Turgeon Says Maryland Improving After Duke Loss…Trouble Is He’s Right

January 26, 2012 | Glenn Clark

Gary Williams

COLLEGE PARK, Md. — It was a fitting night for the Comcast Center floor to be dedicated as Gary Williams Court Wednesday.

Fitting because the atmosphere on campus at the University of Maryland was reminiscent to many nights during the 22 years Williams patrolled the sidelines for the Terrapins before retiring. The stands at the school’s nearly ten year old arena were absolutely rocking with Maryland students and no seats to be had. Students began chanting before the game and remained a factor almost until the game was over.

Unfortunately for the team inherited by Mark Turgeon, the performance on the newly dedicated floor was also fitting for a team that hasn’t really been good enough since Williams left.

The Terps hung in against the eighth ranked Duke University Blue Devils for much of the game, even leading 47-46 midway through the second half. But the Devils (17-3, 5-1 Atlantic Coast Conference) would double up the Terps (12-7, 2-3 ACC) the rest of the way en route to a 74-61 victory. Sophomore guard Terrell Stoglin would again lead the Terps in scoring (16 points), but the Terps would again fail to offer significant help on the offensive end (guard Pe’Shon Howard was next with just ten points). Struggles from beyond the arc (4-13) and the free throw line (11-21) continued to doom a team that lacks enough ability elsewhere to overcome such struggles.

A third straight overall loss for the Terps, it was eerily similar to the defeats suffered at both Florida State University at Temple University last week. They played well enough for a good stretch of the game but their problems ultimately caught up to them against an opponent of either similar or superior ability. They’re pretty good…just not quite good enough.

Mired in a funk after back to back conference wins, Turgeon attempted to put a positive spin on the loss postgame.

“I thought our team battled well and think we had a game plan and we stuck to it and it kept us around” Turgeon said. “We’re getting better. If you could have been in Puerto Rico (for the 5-Hour Energy Puerto Rico Tip-Off), you would have never thought that we could play like we’re playing right now. So, we’re getting there.”

It sounds a lot like coach speak, but it’s actually quite honest. Of course, that’s really the biggest problem facing this Maryland team as constructed.

The difficulty with judging Turgeon’s first season in College Park is that struggles were to be expected. Even after getting Howard back from a foot injury that cost him the first nine games of the season and adding freshman C Alex Len after serving a ten game suspension for eligibility issues, this Maryland team remains uncomfortably thin. Their big bodies aren’t big enough to neutralize talented frontcourts (23 points and 12 rebounds for Mason Plumlee Wednesday night a glaring example) and none of their players in the backcourt have a dangerous enough inside-outside game to truly open things up for anyone else.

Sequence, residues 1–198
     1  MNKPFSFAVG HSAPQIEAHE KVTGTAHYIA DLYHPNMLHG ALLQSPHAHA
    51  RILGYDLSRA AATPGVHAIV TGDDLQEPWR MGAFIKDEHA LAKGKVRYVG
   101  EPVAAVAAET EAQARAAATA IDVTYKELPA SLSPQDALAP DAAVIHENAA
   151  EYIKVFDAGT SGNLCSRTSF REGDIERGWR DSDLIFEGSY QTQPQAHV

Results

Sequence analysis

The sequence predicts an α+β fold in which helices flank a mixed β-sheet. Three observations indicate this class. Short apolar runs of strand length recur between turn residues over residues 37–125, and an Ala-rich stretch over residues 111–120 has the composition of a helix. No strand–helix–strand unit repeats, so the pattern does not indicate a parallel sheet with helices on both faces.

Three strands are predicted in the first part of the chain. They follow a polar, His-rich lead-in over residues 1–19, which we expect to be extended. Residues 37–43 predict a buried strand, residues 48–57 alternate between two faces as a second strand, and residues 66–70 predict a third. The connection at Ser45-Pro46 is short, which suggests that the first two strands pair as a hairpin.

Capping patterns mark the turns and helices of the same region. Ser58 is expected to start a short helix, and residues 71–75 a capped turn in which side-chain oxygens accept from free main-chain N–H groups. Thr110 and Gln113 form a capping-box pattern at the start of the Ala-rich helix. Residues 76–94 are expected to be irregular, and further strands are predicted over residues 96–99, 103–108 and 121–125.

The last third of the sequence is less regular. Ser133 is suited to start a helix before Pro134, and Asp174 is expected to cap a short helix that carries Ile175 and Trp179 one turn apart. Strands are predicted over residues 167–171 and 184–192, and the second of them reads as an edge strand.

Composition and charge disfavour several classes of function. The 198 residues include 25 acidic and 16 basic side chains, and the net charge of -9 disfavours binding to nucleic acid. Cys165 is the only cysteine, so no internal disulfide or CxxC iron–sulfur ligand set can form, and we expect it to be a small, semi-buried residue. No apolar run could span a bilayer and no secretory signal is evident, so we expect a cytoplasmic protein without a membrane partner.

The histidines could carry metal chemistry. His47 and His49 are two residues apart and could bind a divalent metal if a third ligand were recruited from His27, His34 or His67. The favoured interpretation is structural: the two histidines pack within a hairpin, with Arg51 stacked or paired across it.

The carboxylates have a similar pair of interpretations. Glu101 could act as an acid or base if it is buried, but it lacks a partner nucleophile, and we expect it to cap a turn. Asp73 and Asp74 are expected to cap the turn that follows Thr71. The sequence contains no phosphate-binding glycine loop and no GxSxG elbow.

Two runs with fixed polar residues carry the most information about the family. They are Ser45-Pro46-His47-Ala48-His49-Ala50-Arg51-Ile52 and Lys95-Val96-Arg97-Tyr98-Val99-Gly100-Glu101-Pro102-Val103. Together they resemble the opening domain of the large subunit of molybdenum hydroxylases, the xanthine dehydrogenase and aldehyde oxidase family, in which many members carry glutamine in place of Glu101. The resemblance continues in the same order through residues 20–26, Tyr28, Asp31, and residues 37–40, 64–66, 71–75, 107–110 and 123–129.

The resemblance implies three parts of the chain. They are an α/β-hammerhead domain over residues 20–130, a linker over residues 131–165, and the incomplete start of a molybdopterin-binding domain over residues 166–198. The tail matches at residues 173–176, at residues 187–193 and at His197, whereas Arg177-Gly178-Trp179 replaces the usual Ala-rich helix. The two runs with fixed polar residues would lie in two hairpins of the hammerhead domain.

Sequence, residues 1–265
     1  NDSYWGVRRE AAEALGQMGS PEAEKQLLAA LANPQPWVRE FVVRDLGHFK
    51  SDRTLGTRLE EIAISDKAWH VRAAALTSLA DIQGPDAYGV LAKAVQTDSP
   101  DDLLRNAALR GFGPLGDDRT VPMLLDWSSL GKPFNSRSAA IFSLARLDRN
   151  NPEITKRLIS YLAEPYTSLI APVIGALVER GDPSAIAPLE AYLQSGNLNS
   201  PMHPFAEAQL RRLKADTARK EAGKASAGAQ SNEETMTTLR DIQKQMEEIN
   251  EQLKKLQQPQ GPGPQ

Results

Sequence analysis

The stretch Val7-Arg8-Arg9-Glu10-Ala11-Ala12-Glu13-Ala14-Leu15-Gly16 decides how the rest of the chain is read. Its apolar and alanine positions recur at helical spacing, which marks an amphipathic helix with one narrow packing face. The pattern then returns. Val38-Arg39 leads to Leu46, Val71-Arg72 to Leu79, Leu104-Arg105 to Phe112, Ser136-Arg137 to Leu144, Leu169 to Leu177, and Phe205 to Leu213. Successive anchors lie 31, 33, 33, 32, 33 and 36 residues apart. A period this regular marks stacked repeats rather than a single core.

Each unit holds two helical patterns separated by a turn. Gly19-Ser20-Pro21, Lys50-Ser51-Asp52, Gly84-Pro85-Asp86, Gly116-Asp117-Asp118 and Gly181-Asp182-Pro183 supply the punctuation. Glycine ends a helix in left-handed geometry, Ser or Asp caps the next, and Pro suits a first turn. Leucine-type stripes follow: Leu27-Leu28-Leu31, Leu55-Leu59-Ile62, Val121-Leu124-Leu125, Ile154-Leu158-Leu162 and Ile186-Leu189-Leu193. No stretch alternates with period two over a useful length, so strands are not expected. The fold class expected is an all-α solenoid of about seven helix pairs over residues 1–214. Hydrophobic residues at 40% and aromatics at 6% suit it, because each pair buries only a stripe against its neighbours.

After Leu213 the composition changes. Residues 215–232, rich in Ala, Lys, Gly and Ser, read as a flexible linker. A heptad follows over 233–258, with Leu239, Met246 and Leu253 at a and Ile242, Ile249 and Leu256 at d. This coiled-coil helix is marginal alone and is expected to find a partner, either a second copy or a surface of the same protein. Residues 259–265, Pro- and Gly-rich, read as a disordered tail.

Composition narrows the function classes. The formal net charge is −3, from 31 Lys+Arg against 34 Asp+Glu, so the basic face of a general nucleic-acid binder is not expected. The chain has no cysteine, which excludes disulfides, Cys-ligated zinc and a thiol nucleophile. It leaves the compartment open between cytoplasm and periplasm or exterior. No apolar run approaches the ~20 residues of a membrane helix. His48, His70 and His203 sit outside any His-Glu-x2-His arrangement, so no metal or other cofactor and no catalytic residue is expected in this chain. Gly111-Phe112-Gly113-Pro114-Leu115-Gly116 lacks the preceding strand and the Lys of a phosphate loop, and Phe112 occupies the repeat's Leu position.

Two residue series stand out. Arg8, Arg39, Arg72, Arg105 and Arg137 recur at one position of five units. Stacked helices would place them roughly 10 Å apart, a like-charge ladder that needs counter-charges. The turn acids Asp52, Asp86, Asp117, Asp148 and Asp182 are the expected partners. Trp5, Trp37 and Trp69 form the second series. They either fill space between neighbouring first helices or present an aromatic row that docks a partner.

They’re trying to win without really having the horses to win. Perhaps that’s where Turgeon deserves the most credit.

The new coach has done everything he can to get players to stick to a game plan, improve defensively and get after the basketball. In losses to Alabama and Iona in San Juan, Maryland did very little of what they needed to do in order to win and were on the wrong end of blowouts.

Over the course of the last nine days, the Terrapins have shown in stretches that they can do all of the little things they need to do to win. But in the stretches where those good habits have disappeared, better teams have been able to walk away with victories in three games.

Turgeon attempted to sum it up after the loss.

“There are still four-minute stretches where we aren’t making a field goal, and that is not going to beat good teams. That happens, when we’re good offensively, we’re good. But we have stretches where we don’t make free throws too. It wears you out and you can’t keep up. In the end, our defense wasn’t quite good enough and rebounding wasn’t quite good enough, neither was our free throw shooting. But our effort was tremendous and I’m really proud of the guys.”

This is the issue. Maryland isn’t a “bad” team. They’re just a team that isn’t quite good enough to be able to win games against good teams. Five such games (two against North Carolina, two against Virginia and the trip to Cameron Indoor Stadium) remain on the schedule, and the other six conference games aren’t cupcakes.

They ARE better. It’s just that there’s not enough time left in this season for that progress to truly equal results. Maryland fans hope to have something to hang their hat on about this team this season, but it’s not likely to come.

Turgeon was going to need time to fully show progress and he still will. A stunning upset of Duke might have been enough to garner favor for until the 2012-2013 season tipped off. Similarly a stunning upset of UNC would do the same.

Unfortunately for Maryland fans, those achievements aren’t likely to be realized. It doesn’t mean Turgeon hasn’t done a nice job in his first season.

They’re better. They’re just not quite good enough.